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The Linus that Stole Linux

May 23, 2004

I thought some people here might be interested in one of the latest absurd claims floating around. The Alexis de Tocqueville Institute's President, Ken Brown, has declared that Linus wasn't really the creator of Linux, but stole it.

To try to back up his absurd claim, Brown tried to go to interview Andy Tanenbaum, the creator of MINIX. Brown did not bother to interview Linus Torvalds, the person he's accusing of intellectual thievery, before launching his criticisms.

For a brief bit of history, Linus learned from MINIX, and wrote Linux on the MINIX OS, but the code was completely Linus'. Ken Brown, however, couldn't believe that one person could possibly write an OS. However, Tanenbaum informed Brown that he had concluded in his college days that "you'd have to be real dumb not to be able to write an operating system in a month."

To try to give Brown some perspective, Tanenbaum discussed five cases where individuals had essentially created an operating system. Tanenbaum states clearly that "the code was his [Linus Torvald's]. The proof of this is that he messed the design up," and then says: "producing a system that was fundamentally different from the base he started with seems pretty good proof that it was a redesign."

Linux (the kernel) and MINIX are fundamentally different. Linux is a monolithic kernel, MINIX a microkernel. Other examples of microkernels include Mach an the QNX kernel. Another example of a monolithic kernel would include the kernels for MS Windows OS', which should perhaps be called macro-kernels. A micro-kernel does not include the file-system, a monolithic kernel does.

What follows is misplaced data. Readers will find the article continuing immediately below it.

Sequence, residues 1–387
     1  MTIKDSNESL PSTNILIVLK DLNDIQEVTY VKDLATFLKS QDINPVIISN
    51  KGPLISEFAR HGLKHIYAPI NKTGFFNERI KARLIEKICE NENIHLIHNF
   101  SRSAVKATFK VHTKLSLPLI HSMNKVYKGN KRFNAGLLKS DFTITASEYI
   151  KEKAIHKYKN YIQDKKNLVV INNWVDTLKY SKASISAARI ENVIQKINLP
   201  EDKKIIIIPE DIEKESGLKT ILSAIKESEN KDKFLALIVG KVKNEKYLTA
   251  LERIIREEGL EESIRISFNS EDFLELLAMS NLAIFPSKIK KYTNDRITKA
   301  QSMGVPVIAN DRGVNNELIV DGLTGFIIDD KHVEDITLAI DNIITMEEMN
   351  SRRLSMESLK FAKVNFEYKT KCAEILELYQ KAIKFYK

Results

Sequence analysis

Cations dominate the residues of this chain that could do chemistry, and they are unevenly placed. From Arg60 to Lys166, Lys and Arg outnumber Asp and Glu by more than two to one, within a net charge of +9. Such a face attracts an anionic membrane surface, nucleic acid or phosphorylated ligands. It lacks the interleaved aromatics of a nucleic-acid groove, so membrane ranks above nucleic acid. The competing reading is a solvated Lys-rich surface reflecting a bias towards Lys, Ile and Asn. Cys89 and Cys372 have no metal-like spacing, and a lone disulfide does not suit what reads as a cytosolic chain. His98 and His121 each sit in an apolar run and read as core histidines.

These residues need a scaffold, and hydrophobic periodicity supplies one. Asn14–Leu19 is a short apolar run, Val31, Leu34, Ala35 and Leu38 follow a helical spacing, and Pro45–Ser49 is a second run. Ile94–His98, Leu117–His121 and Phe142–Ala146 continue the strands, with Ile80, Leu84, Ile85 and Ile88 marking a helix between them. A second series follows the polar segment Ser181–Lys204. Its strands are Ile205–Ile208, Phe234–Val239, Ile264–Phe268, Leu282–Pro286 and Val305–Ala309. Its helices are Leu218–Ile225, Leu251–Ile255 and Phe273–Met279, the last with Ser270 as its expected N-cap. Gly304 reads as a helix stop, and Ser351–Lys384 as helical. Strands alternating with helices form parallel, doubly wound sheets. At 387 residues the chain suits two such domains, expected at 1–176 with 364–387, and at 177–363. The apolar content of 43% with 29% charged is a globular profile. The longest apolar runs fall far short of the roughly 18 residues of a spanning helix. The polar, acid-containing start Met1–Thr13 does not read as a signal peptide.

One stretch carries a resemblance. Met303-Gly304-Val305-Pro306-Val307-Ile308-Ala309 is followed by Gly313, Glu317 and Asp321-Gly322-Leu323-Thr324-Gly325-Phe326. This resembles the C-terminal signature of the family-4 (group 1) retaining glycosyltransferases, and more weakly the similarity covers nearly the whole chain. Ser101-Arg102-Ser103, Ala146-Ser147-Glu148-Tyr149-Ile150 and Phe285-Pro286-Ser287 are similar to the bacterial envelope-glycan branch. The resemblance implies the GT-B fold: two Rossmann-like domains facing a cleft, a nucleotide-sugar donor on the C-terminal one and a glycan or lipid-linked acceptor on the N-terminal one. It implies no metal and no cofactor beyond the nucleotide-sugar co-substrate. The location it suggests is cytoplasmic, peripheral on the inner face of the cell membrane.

Linus and Tanenbaum had and have a real disagreement over which design is better for a kernel. This disagreement was aired out in a well-publicized debate between the two. And, hence, we get to the reason why Brown thought he could obtain some ammunition from Tanenbaum: He thought that Tanenbaum was bitter that Linux has become so successful. However, as it turns out, Brown was wrong. Tanenbaum remarked on Brown's motivation for interviewing him.

Tanenbaum's defense of Linus Torvalds stands as an example of ethics, honesty, and integrity. As Rothbard and Mises disagreed over whether there should be no State or a minarchist State, Tanenbaum and Torvalds disagreed over whether kernels should be micro-kernels of monolithic kernels. There was no personal animosity. The disheartening thing is that many people think of the Alexis de Tocqueville Institute as a supporter of liberty and freedom. Their mission statement claims that they represent the liberal ideas of Alexis de Tocqueville, including civil liberty, political equality, and economic freedom and opportunity.

From where I'm standing, and judging from the articles on their home-page, it seems like most of what they do is support Statism and government grants of monopoly priviledge, such as patents and copyrights.

PS: Linus Torvalds has confessed: he stole Linux! Linux was really created by Santa Claus and the Tooth-Fairy

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